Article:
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Courtesy Gospel Herald

Earlier this month Leah Marieann Klett. of the Gospel Herald, reported that a Christian lawyer who had been advising churches in China's Zhejiang province has been arrested. He was working with the churches that are resisting government orders to remove crosses from church roofs. He now faces up to six months in secretive detention after the police detained him and accused him of threatening state security.

Zhang Kai, who is from Beijing, was taken into custody on September 10th while advising a church in Wenzhou, a commercial city commonly referred to as "China's Jerusalem" due to its large Christian population.

Over the past year, Mr. Zhang was helping members of the city's Christian community who have actively fought the Communist government's efforts to remove crosses from church rooftops and reduce the presence of churches in the area.

"Christianity teaches us to submit," Mr. Zhang said in July of his decision to help churches fight the government order, according to Initium Media. "But what we ought to submit to is the Constitution and morality, not to illegal people and conduct."

According to Yang Xingquan, a colleague of Mr. Zhang's, the Christian lawyer was detained by state police and charged with endangering state security and "assembling a crowd to disrupt social order".

"We haven't been told where Zhang Kai is or really why he's been detained," Mr. Yang said told reporters, revealing he had spoken to a police officer involved in the case, who told him Mr. Zhang was being held under a form of detention called "residential confinement."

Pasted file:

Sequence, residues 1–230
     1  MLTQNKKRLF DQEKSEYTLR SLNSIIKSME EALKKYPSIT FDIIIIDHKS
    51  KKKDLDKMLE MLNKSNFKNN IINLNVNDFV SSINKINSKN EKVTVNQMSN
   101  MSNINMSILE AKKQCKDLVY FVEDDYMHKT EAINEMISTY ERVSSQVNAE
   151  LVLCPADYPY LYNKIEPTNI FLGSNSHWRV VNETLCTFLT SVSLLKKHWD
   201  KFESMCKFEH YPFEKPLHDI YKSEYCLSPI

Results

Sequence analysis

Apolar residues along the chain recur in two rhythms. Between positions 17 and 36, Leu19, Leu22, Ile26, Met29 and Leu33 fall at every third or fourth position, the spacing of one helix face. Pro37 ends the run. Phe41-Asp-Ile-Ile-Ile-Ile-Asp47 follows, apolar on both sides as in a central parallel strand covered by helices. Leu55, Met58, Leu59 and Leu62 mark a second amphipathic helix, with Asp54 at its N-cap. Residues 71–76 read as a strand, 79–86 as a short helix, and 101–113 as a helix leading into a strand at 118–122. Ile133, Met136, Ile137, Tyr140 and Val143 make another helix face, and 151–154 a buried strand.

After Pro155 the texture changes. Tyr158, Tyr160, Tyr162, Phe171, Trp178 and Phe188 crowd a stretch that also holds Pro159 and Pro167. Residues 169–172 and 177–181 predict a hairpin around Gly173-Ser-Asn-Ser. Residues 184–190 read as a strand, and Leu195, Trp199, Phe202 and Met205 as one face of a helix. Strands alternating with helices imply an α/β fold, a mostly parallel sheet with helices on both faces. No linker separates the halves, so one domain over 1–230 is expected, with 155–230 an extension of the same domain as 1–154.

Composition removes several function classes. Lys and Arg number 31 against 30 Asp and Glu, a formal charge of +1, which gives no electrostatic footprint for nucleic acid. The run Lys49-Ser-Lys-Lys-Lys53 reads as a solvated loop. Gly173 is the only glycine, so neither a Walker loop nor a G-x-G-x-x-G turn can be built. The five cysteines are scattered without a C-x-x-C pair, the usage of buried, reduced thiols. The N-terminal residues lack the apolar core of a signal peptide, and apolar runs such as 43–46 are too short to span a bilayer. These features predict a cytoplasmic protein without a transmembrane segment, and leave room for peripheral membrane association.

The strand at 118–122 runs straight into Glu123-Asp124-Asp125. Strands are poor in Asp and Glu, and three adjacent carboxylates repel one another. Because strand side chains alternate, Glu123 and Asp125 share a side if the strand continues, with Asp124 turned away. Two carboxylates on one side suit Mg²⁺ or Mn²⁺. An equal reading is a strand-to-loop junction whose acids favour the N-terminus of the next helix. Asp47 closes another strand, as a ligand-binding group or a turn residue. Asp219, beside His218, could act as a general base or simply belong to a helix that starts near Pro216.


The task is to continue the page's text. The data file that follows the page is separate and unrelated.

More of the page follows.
"We're still waiting to see whether we'll be allowed to see him," Mr. Yang said, citing comments from a police officer involved in the case. "Next, we'll try to understand the circumstances and speak to people who had contact with him." The New York Times notes that in the past, the police have used residential confinement to "detain dissidents in secret without trial or access to lawyers or family," citing security concerns.

While China claims to guarantee freedom of religion, the government has exhibited a growing discomfort with Christianity, whose followers are said to rival in number the 86 million members of the Communist Party.

Thus far, more than 1,200 crosses have been removed and several churches have been completely demolished by government forces. Amnesty International estimated last month that more than 230 protesters have been detained over the last year, and at least 23 people, many of them pastors, still remain in police custody.

The U.S. ambassador for religious freedom, David Saperstein, called for Mr. Zhang's release, saying such detentions are a "particularly alarming development" that underscores "the precariousness of religious life in China."

"There can be no excuse for the detention of these religious figures that either met with me or tried to meet with me," said Saperstein, who met with Chinese government officials on religious freedom, the AP reports. "These detentions fit into a disturbing pattern of state intimidation of public interest lawyers, Internet activists, journalists, [and] religious leaders," he added.